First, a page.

Camden Park State Bank
Individual Landmark
Camden Park State Bank – exterior
1928 Camden
1928, Norton and Peel
2014 Camden
2014, CPED Staff
Address: 705 42nd Avenue North
Neighborhood: Camden
Construction Date: 1910, 1920
Contractor: Charles Johnson
Architect: Septimus James Bowler, Ernest C. Haley
Architectural Style: Vernacular Neoclassical
Historic Use: Bank, mortuary, post office, professional offices, retail, community lodge, ballroom
Current Use: Restaurant, offices, hair salon
Date of Local Designation: 2015
Date of National Designation: N/A
Area of Significance: Streetcar development, community identity, master architects
Period of Significance: 1910-1954
Historic Profile: The Camden Park State Bank is significant as the most visible remnant of the Camden Community’s business district, as well as for its association with Minneapolis’ streetcar heritage and architects Septimus James Bowler and Ernest C. Haley. The roots of today’s Camden Community lie in the former Town of Camden, which developed around mills and brickyards located along Shingle Creek near its junction with the Mississippi River. The first mill was built in 1852, and by the 1880s a small, largely industrial town had developed. Camden’s former business district was located at the six-way intersection of Washington Avenue North, Lyndale Avenue North, 42nd Avenue North, and Webber Parkway. Camden was annexed by Minneapolis in 1887, and streetcar service was extended to the business district in 1890, leading to further commercial growth. The 1910 portion of the Camden Park State Bank building was built to house a community hall with retail below, and the 1920 addition housed the bank itself, along with various offices and services on the upper floors. Throughout the 1920s and 30s the building was a centerpiece of Camden’s commercial district, housing a wide variety of community services, including a bank, post office, lodge, ballroom, mortuary, doctor, dentist, lawyer, and insurance agent. During the construction of Interstate 94, the intersection was reconfigured and Camden’s entire business district was demolished, with the exception of the Camden Park State Bank and two smaller single-story commercial buildings.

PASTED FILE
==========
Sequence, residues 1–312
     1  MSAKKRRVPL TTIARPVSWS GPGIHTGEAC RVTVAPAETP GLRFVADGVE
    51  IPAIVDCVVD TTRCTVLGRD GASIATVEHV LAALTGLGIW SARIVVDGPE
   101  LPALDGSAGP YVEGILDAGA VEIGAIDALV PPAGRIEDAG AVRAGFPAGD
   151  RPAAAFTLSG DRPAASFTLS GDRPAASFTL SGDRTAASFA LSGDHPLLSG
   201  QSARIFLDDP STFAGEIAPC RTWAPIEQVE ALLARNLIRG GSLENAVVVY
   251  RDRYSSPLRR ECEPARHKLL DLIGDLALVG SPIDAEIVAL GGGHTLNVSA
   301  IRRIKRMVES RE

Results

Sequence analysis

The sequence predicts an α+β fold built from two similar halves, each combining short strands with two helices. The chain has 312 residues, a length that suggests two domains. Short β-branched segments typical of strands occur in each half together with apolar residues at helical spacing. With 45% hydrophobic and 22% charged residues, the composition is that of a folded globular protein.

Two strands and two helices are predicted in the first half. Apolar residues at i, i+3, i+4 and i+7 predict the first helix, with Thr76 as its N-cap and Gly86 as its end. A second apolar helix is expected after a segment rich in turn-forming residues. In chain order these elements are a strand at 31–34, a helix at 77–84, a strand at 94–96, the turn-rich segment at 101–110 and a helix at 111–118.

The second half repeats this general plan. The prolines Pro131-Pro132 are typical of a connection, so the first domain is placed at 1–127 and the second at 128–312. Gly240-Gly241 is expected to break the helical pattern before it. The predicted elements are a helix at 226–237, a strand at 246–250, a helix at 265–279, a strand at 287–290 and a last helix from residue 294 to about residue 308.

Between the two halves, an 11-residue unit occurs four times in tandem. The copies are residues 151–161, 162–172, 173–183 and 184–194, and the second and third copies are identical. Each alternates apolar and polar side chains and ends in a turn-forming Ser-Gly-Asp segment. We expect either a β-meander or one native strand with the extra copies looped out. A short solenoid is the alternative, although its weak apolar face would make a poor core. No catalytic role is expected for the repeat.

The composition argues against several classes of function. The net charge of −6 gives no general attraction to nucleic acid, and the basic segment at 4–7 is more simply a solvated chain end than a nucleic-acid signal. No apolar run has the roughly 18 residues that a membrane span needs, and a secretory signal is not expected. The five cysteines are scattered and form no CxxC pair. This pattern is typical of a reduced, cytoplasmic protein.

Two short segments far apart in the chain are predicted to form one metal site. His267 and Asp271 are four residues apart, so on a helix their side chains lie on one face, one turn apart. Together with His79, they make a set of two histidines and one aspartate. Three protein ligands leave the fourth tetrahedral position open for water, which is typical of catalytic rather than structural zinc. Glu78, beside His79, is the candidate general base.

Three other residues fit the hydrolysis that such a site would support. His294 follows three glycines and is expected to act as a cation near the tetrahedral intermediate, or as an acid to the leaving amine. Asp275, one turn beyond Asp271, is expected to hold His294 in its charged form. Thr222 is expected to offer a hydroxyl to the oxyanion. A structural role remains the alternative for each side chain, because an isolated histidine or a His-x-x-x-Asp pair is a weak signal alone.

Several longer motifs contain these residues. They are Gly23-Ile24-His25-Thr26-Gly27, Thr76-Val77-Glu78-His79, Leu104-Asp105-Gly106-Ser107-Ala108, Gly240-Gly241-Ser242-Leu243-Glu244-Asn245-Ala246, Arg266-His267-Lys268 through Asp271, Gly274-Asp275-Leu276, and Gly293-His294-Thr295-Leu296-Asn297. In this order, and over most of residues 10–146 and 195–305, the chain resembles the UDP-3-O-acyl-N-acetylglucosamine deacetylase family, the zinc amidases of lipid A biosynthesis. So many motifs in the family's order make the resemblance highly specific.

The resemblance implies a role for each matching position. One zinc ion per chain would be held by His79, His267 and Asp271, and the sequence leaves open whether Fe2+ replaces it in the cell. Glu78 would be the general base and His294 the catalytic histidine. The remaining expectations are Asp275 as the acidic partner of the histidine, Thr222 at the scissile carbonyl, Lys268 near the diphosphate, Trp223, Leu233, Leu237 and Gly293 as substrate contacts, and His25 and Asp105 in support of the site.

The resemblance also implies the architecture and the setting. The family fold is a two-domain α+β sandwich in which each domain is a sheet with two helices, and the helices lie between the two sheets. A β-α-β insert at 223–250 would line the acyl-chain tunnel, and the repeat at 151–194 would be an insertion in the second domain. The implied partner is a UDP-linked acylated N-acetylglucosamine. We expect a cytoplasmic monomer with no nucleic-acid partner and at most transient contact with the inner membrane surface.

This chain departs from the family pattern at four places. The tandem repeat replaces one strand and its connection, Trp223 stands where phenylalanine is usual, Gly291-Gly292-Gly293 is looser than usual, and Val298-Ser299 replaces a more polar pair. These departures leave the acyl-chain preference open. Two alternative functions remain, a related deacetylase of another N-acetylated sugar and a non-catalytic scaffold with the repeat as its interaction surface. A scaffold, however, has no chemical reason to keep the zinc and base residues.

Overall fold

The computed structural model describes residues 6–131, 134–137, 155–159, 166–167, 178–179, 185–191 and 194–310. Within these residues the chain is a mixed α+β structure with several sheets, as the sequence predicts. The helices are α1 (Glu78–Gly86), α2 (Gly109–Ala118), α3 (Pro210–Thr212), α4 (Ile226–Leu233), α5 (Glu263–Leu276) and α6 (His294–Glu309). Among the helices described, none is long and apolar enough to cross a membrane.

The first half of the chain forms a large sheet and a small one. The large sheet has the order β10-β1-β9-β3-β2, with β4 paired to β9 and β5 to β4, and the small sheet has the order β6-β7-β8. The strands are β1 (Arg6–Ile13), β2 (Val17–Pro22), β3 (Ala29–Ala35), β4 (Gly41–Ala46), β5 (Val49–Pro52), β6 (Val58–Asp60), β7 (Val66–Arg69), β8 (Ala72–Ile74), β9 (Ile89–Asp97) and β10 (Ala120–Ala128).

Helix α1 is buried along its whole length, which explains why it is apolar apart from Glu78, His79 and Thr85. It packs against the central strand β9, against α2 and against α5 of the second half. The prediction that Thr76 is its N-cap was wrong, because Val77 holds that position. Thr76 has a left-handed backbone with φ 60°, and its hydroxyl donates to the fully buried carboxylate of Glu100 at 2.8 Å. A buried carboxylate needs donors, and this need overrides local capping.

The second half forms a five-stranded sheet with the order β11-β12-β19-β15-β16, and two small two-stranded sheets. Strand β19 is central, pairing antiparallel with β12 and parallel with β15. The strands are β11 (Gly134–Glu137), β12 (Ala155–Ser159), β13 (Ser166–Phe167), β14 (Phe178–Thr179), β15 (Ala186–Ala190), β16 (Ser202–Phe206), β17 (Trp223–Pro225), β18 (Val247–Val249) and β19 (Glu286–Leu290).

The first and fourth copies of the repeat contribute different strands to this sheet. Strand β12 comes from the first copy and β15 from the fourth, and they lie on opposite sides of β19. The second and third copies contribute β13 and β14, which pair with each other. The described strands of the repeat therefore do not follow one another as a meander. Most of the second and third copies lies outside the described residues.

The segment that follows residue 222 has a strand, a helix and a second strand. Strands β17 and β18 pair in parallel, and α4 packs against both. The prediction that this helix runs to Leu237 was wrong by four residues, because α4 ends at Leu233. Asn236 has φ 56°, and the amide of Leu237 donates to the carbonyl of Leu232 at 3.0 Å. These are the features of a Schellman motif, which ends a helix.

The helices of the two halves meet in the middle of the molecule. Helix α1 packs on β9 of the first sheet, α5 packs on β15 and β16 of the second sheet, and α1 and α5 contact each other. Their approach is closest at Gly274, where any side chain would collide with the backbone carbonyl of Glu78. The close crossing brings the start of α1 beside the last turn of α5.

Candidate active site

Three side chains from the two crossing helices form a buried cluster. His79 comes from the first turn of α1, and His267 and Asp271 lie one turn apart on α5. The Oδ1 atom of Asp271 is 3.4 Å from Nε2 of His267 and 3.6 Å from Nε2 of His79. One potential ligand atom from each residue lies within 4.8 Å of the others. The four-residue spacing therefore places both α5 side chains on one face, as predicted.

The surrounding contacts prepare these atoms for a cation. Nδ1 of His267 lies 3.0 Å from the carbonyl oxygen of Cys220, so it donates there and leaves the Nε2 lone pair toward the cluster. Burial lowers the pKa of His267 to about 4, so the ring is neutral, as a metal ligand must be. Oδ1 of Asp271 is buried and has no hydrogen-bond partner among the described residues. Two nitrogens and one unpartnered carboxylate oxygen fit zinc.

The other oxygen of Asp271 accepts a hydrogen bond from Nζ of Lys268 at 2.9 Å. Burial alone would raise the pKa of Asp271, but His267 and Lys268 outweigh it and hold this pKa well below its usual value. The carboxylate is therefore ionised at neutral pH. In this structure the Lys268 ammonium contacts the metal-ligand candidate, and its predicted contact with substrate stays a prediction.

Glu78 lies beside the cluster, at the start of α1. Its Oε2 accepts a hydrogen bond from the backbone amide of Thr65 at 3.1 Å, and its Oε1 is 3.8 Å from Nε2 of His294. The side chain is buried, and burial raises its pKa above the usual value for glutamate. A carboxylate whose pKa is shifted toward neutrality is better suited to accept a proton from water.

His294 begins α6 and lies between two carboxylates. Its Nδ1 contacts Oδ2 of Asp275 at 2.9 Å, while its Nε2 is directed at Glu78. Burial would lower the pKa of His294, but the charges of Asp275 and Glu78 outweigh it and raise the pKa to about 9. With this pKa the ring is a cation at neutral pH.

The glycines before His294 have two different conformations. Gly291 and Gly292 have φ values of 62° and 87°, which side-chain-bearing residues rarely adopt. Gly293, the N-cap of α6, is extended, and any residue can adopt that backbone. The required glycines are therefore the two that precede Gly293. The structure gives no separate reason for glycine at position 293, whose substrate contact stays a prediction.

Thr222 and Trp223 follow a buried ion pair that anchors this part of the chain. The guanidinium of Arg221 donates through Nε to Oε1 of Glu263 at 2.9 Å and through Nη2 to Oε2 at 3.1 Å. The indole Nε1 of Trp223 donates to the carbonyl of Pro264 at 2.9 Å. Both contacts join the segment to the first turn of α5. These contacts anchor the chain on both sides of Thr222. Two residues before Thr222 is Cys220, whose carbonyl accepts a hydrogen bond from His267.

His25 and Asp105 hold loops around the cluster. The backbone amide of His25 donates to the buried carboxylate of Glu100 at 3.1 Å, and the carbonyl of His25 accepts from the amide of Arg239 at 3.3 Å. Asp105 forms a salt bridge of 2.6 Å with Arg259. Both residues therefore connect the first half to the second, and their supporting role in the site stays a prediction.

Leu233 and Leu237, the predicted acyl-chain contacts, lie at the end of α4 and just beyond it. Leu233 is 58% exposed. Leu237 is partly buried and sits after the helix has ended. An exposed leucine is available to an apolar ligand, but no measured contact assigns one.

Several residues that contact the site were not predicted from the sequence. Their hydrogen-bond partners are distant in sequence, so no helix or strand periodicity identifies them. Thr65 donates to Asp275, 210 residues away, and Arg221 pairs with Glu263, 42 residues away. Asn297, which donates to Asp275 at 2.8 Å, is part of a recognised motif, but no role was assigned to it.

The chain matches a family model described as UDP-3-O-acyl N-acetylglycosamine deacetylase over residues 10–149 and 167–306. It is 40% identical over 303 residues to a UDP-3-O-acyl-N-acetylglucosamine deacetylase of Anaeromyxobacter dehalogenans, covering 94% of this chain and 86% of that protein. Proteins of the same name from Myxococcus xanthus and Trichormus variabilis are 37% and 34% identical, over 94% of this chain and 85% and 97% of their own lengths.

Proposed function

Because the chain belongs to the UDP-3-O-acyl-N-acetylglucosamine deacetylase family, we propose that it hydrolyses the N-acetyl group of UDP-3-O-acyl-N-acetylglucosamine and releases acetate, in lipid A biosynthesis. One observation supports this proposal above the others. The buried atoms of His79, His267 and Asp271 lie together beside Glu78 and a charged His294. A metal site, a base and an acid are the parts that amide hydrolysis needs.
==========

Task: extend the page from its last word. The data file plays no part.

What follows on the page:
Photo Credits:
1928, Norton & Peel, Minnesota Historical Society
2014, CPED Staff
Works Cited:
“Designation Study: Camden Park State Bank” 2015
 
Updated: April 2015
 

Last updated Apr 10, 2015

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